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Genetic and Rare Diseases Information Center (GARD)

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Sialadenitis


Other Names for this Disease

  • Adenitis, salivary gland
  • Salivary gland inflammation
  • Sialoadenitis
See Disclaimer regarding information on this site. Some links on this page may take you to organizations outside of the National Institutes of Health.

Your Question

I have just been diagnosed with sialadenitis. What is the standard treatment? Any information you could provide about this condition would be appreciated.

Our Answer

We have identified the following information that we hope you find helpful. If you still have questions, please contact us.

What is sialadenitis?

Sialadenitis is an infection of the salivary glands. It is usually caused by a virus or bacteria.[1][2] The parotid (in front of the ear) and submandibular (under the chin) glands are most commonly affected.[1] Sialadenitis may be associated with pain, tenderness, redness, and gradual, localized swelling of the affected area. There are both acute and chronic forms.[3] Although it is quite common among elderly adults with salivary gland stones, sialadenitis can also occur in other age groups, including infants during the first few weeks of life. Without proper treatment, sialadenitis can develop into a severe infection, especially in people who are debilitated or elderly.[2] 
Last updated: 9/17/2014

What causes sialadenitis?

Sialadenitis usually occurs after hyposecretion (reduced flow from the salivary glands) or duct obstruction, but may develop without an obvious cause.[4] Saliva flow can be reduced in people who are sick or recovering from surgery, or people who are dehydrated, malnourished, or immunosuppressed. A stone or a kink in the salivary duct can also diminish saliva flow, as can certain medications (such as antihistamines, diuretics, psychiatric medications, beta-blockers, or barbiturates).[1][2][5] It often occurs in chronically ill people with xerostomia (dry mouth), people with Sjogren syndrome, and in those who have had radiation therapy to the oral cavity.[4]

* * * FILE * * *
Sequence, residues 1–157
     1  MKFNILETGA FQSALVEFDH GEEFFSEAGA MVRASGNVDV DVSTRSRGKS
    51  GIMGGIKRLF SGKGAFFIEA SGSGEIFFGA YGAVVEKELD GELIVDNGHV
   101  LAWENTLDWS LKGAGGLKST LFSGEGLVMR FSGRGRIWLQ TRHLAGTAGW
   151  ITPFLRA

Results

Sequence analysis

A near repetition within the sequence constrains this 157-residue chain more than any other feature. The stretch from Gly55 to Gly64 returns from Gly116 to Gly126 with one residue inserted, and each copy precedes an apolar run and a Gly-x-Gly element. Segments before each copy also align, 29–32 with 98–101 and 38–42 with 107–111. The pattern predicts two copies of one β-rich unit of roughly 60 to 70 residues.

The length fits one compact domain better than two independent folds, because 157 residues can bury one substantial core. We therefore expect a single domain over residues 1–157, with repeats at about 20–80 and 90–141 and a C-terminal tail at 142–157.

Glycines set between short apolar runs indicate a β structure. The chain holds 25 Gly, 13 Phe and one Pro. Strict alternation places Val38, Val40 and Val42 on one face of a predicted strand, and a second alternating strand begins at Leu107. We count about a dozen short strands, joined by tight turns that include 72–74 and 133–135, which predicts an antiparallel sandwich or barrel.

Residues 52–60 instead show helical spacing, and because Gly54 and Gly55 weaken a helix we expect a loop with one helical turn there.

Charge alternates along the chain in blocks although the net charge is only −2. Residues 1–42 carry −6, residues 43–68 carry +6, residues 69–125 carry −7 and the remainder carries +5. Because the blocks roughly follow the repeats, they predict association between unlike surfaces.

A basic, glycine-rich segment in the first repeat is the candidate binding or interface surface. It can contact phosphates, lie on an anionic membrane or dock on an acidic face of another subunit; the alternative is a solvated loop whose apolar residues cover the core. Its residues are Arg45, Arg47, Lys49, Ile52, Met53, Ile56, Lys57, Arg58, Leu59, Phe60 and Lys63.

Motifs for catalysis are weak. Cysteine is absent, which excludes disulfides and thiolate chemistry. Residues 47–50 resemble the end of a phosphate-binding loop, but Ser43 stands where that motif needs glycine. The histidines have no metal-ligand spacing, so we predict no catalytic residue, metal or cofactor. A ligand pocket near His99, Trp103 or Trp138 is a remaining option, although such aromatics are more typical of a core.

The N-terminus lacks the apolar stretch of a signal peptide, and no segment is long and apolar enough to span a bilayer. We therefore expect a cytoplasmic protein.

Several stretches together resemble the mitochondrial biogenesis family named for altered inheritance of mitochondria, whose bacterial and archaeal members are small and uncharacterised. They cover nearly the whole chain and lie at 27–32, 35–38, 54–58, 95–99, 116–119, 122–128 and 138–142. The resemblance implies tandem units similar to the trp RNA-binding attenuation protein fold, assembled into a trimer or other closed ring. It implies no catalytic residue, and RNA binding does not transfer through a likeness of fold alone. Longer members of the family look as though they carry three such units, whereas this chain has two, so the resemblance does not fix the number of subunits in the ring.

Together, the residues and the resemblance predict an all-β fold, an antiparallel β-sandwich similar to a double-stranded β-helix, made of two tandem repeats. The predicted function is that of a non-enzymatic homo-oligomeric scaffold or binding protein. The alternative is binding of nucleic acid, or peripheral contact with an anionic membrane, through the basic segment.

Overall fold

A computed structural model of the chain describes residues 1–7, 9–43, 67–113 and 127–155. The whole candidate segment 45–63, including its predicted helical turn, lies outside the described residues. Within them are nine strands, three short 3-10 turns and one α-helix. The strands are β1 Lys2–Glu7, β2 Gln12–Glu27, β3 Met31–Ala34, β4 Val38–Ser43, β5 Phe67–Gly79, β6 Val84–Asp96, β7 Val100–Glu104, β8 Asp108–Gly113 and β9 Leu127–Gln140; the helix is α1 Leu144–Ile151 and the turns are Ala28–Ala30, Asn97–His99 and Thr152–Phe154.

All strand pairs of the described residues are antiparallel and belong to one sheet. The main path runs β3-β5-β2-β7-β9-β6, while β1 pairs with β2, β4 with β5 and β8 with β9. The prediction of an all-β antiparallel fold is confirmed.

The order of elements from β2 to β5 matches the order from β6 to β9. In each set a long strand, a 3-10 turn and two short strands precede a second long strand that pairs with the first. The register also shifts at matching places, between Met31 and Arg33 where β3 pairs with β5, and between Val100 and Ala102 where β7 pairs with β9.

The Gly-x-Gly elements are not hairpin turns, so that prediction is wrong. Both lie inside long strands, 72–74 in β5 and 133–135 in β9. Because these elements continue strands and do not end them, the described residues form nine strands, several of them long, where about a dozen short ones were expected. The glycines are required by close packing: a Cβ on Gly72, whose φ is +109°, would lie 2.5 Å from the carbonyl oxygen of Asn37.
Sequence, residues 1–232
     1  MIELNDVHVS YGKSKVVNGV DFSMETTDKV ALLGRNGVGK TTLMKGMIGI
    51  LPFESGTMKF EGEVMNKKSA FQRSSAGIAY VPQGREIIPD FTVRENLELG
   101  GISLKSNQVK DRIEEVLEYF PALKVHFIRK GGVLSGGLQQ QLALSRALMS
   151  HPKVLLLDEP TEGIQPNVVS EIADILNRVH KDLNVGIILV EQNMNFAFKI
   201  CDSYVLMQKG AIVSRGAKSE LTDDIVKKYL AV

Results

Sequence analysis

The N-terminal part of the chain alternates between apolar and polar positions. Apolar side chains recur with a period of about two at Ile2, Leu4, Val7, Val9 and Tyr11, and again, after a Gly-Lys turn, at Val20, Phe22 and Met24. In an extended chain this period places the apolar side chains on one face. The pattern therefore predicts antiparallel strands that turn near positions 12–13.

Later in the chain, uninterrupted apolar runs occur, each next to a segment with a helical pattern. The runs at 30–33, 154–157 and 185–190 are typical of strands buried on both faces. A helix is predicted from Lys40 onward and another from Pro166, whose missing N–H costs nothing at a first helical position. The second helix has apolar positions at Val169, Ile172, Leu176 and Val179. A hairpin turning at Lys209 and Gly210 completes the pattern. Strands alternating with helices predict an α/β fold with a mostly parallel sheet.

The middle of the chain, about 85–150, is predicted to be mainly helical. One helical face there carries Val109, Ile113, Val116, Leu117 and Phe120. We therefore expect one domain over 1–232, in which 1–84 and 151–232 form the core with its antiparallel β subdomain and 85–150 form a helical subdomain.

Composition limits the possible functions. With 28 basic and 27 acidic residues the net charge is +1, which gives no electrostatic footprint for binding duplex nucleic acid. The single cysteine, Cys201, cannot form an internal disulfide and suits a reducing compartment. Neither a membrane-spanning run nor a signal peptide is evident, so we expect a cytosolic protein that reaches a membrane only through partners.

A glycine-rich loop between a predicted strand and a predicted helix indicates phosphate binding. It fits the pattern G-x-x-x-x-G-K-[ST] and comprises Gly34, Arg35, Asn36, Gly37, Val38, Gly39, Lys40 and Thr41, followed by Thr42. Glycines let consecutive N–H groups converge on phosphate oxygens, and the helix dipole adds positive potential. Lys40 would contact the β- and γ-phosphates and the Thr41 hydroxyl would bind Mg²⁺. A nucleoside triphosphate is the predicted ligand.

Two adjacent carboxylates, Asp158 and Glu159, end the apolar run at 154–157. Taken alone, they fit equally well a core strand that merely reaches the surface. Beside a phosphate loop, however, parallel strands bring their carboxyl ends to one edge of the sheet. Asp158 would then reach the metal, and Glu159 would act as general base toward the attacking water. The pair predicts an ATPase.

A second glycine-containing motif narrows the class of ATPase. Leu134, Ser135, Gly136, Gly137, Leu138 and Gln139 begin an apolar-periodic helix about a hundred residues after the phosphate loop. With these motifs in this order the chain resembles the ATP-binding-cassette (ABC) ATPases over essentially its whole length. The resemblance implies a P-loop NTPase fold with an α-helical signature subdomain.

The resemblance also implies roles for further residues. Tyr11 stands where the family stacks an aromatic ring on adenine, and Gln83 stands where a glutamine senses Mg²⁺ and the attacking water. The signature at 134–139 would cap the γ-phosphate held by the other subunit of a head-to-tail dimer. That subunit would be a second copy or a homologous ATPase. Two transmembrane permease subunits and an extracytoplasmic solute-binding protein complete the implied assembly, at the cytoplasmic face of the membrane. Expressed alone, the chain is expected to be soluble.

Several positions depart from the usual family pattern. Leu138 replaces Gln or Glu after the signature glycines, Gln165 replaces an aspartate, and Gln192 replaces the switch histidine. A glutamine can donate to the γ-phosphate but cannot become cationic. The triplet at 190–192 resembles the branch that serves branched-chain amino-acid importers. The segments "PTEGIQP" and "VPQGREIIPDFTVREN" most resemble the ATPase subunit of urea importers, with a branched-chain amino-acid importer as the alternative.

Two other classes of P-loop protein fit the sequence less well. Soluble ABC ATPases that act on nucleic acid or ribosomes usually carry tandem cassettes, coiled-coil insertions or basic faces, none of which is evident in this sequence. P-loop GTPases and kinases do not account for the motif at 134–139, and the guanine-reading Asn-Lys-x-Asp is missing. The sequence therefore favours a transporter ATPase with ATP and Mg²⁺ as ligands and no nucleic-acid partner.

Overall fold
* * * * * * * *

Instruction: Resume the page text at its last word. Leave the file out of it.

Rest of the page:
The most common causative organism in the infection is Staphylococcus aureus; others include streptococci, coliforms, and various anaerobic bacteria.[4] Although less common than bacteria, several viruses have also been implicated in sialadenitis. These include the mumps virus, HIV, coxsackievirus, parainfluenza types I and II, influenza A, and herpes.[5][6]
Last updated: 9/17/2014

What are the signs and symptoms of sialadenitis?

Signs and symptoms of sialadenitis may include fever, chills, and unilateral pain and swelling in the affected area. The affected gland may be firm and tender, with redness of the overlying skin.[4] Pus may drain through the gland into the mouth.[1]
Last updated: 9/17/2014

How might sialadenitis be treated?

The initial treatment for sialadenitis is antibiotics active against S. aureus. Hydration, ingesting things that trigger saliva flow (such as lemon juice or hard candy), warm compresses, gland massage, and good oral hygiene are also important. Abscesses need to be drained. Occasionally, in cases of chronic or relapsing sialadenitis, a superficial parotidectomy or submandibular gland excision is needed.[4]
Last updated: 9/17/2014

What is the long-term outlook for people with sialadenitis?

With prompt diagnosis and appropriate treatment, the long-term outlook (prognosis) for people with sialadenitis is very good.[1] Those with chronic sialadenitis often have a relapsing and remitting course.[5] Complications are not common, but may occur and can include abscess of the salivary gland or localized spreading of bacterial infection (such as cellulitis or Ludwig's angina).[5][6]
Last updated: 9/17/2014

References
Other Names for this Disease
  • Adenitis, salivary gland
  • Salivary gland inflammation
  • Sialoadenitis
See Disclaimer regarding information on this site. Some links on this page may take you to organizations outside of the National Institutes of Health.